Eat, Drink, and Be Merry…

…for tomorrow we die. The world is ending tomorrow! Tell us about your last dinner — the food, your dining companions, the setting, the conversation.


The table was set. Candles were lit down the center, with bouquets of roses, deeply red, filling the spaces between the candlesticks.  Music played in the background, filling the room with the richness of stringed instruments, flowing easily to trumpets, flutes, piano, and all the rest. The deep resonance of the bass was the most comforting to her as she inspected the room, making sure everything was as it should be.

There were seats for 19. Her soon-to-be daughter-in-law had been invited, and accepted the request to spend her last hours with them.

All of them were both stunned and excited. The youngest children, perhaps, didn’t have a full understanding, but they knew something very important was taking place and they were solemn as they walked into the room with their parents. The individual families ranged themselves across the table until every seat was filled.  The food was waiting on a buffet  along one wall of the room, but before plates were filled, there were things that needed to be said.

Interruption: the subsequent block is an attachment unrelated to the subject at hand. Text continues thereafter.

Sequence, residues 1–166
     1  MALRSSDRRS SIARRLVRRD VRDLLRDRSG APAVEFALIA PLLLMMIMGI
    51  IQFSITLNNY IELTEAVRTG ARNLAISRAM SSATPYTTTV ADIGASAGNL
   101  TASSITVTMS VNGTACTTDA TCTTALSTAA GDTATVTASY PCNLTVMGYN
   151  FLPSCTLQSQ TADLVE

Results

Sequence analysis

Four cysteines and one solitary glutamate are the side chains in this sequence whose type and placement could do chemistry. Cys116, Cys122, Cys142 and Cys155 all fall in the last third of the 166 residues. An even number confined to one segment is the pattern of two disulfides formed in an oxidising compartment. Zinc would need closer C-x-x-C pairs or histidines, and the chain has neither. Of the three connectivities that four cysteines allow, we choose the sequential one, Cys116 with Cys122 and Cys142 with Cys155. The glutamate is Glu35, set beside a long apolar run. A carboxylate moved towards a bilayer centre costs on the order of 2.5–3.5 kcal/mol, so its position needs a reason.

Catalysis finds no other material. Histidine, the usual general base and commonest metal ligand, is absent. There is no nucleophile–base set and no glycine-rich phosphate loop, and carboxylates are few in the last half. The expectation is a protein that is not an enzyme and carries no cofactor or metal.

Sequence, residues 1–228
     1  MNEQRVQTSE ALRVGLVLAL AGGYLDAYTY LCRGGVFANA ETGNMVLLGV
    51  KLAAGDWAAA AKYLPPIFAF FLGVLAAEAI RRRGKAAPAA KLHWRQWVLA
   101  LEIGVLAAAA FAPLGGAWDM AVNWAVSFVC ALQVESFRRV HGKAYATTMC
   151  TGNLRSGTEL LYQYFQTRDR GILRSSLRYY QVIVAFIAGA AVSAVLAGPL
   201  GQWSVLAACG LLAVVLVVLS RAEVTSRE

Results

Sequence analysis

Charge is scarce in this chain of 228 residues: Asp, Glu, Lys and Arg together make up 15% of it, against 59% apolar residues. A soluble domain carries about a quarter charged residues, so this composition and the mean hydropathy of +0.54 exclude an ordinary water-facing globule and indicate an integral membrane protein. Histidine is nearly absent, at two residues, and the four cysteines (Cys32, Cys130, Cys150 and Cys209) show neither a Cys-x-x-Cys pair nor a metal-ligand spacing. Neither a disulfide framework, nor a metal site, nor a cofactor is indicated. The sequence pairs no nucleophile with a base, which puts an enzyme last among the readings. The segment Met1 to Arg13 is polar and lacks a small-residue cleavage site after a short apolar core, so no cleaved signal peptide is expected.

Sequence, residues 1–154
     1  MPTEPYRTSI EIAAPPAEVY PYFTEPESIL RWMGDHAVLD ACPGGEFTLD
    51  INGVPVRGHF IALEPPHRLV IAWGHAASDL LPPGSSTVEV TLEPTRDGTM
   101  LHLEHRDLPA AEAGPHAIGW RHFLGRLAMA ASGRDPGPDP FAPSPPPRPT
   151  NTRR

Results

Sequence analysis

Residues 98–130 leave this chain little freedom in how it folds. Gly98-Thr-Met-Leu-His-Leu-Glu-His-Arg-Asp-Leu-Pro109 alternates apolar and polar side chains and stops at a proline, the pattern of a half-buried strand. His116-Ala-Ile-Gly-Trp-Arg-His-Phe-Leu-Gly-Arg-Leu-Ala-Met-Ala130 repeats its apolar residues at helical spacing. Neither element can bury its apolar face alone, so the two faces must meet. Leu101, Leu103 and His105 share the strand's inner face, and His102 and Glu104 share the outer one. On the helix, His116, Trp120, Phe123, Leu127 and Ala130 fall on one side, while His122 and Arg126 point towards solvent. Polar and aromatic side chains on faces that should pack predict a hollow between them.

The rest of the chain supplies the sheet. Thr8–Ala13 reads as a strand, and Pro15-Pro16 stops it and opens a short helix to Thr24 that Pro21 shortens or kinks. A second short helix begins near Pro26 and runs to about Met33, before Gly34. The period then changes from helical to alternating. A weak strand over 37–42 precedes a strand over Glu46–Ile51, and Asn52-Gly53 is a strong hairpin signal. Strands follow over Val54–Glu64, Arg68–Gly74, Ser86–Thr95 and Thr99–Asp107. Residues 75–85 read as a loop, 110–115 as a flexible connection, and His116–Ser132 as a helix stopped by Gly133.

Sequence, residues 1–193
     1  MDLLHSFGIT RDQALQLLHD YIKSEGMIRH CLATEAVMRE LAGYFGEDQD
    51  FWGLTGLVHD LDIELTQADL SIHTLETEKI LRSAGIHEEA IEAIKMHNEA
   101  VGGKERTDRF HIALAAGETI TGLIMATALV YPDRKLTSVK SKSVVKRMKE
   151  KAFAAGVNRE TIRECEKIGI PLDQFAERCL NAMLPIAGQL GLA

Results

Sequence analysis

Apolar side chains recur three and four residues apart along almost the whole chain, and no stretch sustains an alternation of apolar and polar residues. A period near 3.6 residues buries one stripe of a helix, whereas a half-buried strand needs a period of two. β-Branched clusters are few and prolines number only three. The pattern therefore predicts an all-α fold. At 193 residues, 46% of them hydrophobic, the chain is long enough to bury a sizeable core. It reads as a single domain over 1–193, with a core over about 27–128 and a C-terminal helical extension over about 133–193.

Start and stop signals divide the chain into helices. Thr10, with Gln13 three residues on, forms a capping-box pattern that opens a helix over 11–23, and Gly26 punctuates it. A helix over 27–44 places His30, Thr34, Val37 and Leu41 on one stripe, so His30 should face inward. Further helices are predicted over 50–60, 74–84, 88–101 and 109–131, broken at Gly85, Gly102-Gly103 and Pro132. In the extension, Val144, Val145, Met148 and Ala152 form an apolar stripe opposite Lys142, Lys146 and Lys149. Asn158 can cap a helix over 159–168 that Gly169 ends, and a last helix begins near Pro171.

“I love you.  I have always loved you.  You mean more than life to me. Thank you for a lifetime well lived.”

“I’m sorry.”

“I forgive you.”

“I didn’t understand.”

“I know. It’s all right. It doesn’t matter any more.”

“I wish I had known more, done more, given you all more. I regret the times I was selfish.”

“You weren’t selfish. We all knew you did the best for us, the best you could, the best you knew. We’re grateful.”

“This is not goodbye, you know.”

“Yes, we know. When this is over, we’ll be together again in heaven, with God. Nothing that happens here can change that.”

“All right. Let’s have prayer, and then let’s enjoy this wonderful meal.”

The mood changed from solemn to cheerful, sometimes to hilarious as memories were exchanged while the food was consumed. And the food was the most unusual mix of favorites that spanned all their lifetimes.  It didn’t go together.  It didn’t matter.  Grilled burgers, corn on the cob, potato salad; turkey and dressing, pumpkin pie, fruit salad; lasagna, homemade bread, fried chicken, mashed potatoes. Cranberry sauce.  Lemon curd cheesecake. So many wonderful dishes, and they all had a sampling of the things they particularly enjoyed.

“Dad.  When will it happen?  Will there be any warning?”

“I don’t know. Probably not. I know only that there could be no better way for our lives here to end than for us all to be together. There is nothing to fear. We won’t———–“